I make a lot less than $48k/year but consider myself to be reasonably well off, and have no expectation that the City ought to subsidize me. However, it would be nice if they didn't actively subsidize the demolition of the remaining places that I and people like me can actually afford without government assistance.
I entirely agree with your points, but Mr. X brings up a useful point in the other thread:
Doesn't this potentially subsidize the destruction of low-income housing to make way for middle-class housing? I would be more comfortable with this proposal if it specifically omitted that kind of project.
What Mr X said in #6. It seems that ECB's defending efforts against a crisis that doesn't necessarily exist, or at best isn't as bad as the housing situation is for the poorer working classes.
The Mayor is misfocusing his efforts. Is he doing so intentionally?
No subsidies for people who can work (such as Stranger staff.)
Subsidize only "defenseless populations."
How many years do the builders get the tax breaks under the current system? If they get them for the 12 years mentioned for the new program, would that be $7.2 million and wouldn't that be millions of dollars of subsidy as John Fox claims? I'm not sure it matters one way or the other but if he's right, he's right.
The problem seems to be that Seattle is just too damn popular. If we would just cut back on transit and bike lanes, leave the viaduct up, tear down popular bars, build condos without balconies and have a bad attitude towards nightlife maybe people wouldn't want to live here.
I disagree with Erica, Josh, and the Mayor. Sucher is close.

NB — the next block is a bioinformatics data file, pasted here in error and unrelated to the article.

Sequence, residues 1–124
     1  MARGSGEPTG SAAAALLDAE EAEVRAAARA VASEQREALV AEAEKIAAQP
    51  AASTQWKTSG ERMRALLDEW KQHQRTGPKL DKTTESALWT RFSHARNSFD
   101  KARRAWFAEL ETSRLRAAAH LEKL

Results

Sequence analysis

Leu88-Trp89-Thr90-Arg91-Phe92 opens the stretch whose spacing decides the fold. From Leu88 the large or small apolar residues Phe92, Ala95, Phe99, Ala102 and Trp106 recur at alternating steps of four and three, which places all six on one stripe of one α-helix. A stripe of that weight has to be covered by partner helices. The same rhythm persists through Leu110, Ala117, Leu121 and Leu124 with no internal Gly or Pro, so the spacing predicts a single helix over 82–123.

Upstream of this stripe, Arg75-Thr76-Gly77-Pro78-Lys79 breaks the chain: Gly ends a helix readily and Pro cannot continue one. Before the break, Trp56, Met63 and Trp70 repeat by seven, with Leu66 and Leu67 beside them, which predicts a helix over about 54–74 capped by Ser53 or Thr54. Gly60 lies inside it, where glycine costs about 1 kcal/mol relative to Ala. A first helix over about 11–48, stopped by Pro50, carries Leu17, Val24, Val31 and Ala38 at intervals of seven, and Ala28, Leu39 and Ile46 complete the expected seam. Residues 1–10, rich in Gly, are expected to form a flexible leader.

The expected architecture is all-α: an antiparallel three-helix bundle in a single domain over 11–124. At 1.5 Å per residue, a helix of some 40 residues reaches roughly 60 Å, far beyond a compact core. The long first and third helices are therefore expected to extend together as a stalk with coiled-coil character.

The Mayor's program and its expansion turns the tax code into swiss cheese. It is actually a tax shift from the developers of targeted housing to all other property owners in Seattle. The various levies are targeted to raise the same amount.
Who pays the property taxes not paid by the targeted developers? The rest of use, both owners and renters alike. Renters pay higher property taxes through higher rents. The tax shift is silent and helps the targeted developers and a few members of the select housing type.
Many poor unsubsidized households would pay higher rents because the tax was shifted to their units from the Mayor's favored new developments.
The program is not very fair, as so few benefit at the expense of many and the integrity of the property tax. How are those tenants or new owners selected? There are many low income or moderate income households facing rising rents and prices in Seattle.
The program is not very efficient and gets little affordable housing bang for its buck because much of the development would have occurred anyway (economists would term this the consumer (or in this case, developer) surplus).
Newness is an expensive characteristic in housing. This is appreciated by John Fox. He pushes this to the extreme is asking that all affordable sticks be preserved.
The most powerful tool for affordable housing that Seattle city government has is the zoning code. They used it last year: the allowed tall skinny building downtown and allowed new multifamily structures in urban centers with less parking. That was good. They could do more. More than 70 percent of Seattle is zoned single family. It could be more dense by allowing cottage housing and detached accessory dwelling units. Any single-family zoned land on 15-minute headway bus routes could be upzoned to low rise multifamily. Most multifamily and commercial zones could be upzoned. Northgate, Roosevelt, U District, Capitol Hill, and MLK Jr. Way South could be upzoned around LRT stations.
The SHA is discussing Yesler Terrace. It should be significantly upzoned to be similar to downtown or First Hill. The SHA would gain significant value and it could use its returns to subsidize housing throughout the city. Yesler Terrace would be a great place for tall multifamily housing: next to downtown and the hospitals with good transport. SHA could afford to provide more subsidies on less costly land elsewhere.